Peter Foster on Xi Jinping’s visit to Washington:
For advocates of a tougher line on China, the fact that Beijing overplayed its hand reinforced their argument that economic engagement has not delivered the once-hoped-for progress on other fronts. Aaron Friedberg, a Princeton academic, whose book A Contest for Supremacy: China, America, and the Struggle for Mastery in Asia sees the relationship in starkly oppositional terms, is among those who would keep diplomatic niceties to a minimum.
“The Chinese have done us an enormous favour, strategically, in the last few years,” he said in an interview with The Daily Telegraph this week. “Their behaviour has scared everybody and has shaken things up in this country too. It’s made people take more seriously the challenge that China poses.”
Strip away the pleasantries, however, and you quickly arrive at a bedrock of hard differences and strategic conficts that are not currently being bridged by talking. As the dissident Yu Jie confirmed in an interview with this newspaper this week, China remains a country where the secret police can throw a bag over your head, break your fingers and beat you unconscious for writing a book criticising senior leaders such as Mr Xi. On the surface China might increasingly resemble America, with its glittering skylines and six-lane highways filled with GM cars, but after three decades of economic engagement with the West there remain far too many dark corners of the Chinese state.
Meanwhile, China’s military build-up, still a long way from matching the US, continues apace, with figures this week showing that next year China will spend more on its armed forces than all other Asia-Pacific nations put together. Strategically, China continues to hedge its bets, soft-pedalling on Iran and washing its hands of the bloodshed in Syria by calling it “essentially an internal affair”.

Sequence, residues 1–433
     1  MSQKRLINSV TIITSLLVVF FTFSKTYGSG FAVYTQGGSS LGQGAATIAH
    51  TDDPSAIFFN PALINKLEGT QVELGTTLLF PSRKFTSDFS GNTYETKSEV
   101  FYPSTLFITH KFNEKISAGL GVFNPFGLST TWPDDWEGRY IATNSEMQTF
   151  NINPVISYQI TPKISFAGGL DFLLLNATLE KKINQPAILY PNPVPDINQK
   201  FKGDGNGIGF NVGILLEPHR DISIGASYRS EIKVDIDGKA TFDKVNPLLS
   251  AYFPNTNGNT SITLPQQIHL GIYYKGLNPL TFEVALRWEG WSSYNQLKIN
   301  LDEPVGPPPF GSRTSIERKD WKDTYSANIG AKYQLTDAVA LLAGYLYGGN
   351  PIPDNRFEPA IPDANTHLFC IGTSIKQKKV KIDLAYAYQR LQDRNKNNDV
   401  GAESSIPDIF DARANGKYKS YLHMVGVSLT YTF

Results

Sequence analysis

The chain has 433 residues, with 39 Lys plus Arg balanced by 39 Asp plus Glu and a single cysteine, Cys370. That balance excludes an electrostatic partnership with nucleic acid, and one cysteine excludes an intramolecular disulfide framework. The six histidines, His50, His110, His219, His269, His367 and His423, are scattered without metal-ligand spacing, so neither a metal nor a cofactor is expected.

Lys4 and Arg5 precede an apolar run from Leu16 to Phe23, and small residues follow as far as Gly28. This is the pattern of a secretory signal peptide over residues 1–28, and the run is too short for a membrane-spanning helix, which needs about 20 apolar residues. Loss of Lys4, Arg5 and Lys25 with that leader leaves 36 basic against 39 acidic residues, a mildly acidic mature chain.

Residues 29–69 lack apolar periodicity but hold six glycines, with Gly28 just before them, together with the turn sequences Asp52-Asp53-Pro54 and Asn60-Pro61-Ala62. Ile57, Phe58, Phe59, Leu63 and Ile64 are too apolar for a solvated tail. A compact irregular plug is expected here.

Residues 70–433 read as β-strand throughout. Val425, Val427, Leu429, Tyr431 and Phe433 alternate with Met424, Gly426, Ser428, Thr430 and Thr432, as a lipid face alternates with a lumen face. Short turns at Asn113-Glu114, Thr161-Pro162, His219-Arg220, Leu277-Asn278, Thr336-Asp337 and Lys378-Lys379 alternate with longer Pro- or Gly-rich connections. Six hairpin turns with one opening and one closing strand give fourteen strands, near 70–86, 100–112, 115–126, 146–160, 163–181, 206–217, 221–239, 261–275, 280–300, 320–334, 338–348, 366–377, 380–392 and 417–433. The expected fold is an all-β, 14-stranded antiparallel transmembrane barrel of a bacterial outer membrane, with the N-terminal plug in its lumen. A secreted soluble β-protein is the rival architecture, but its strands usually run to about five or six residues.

With such deep, evident differences, Mr Xi has this week urged a longer view, framing what he calls the “drifting clouds” and “temporary disturbances” of the current turbulent relationship against the undeniable achievements in the 40 years since Nixon’s landmark visit to China. But as he knows, maintaining the trajectory of those achievements is not a foregone conclusion. The economic dynamic that served both sides over four decades is shifting; the pool of cheap, non-unionised labour that enriched many Western corporations will start to contract from 2015, while technological advances in China’s own industrial base, obtained by means fair and foul, are now cutting across the bows of those same corporations. At the same time, China’s socially networked middle classes are outgrowing the authoritarian political model that Mr Xi is pledged to perpetuate.
China’s response is to plead for time and understanding, but as its new leader begins a decade in power, he will find those in short supply, both at home and abroad. One senior Party official in Beijing likened China’s situation today to their 7ft 6in basketball star Yao Ming, who was often mistaken for an adult when he was a teenager. China, she argued, might look like a developed nation, but really needed to be treated gently when it came to human rights, trade and global responsibilities.
The analogy was more apposite than the mandarin perhaps realised. China is just like a teenager, one minute angrily demanding equality and mutual respect but too often, when asked to meet its responsibilities, begging for a free pass. The world must hope that China turns out OK in the end, but as Mr Obama hinted in his remarks this week, that won’t happen unless the West lays down some ground rules and, more importantly, sticks to them.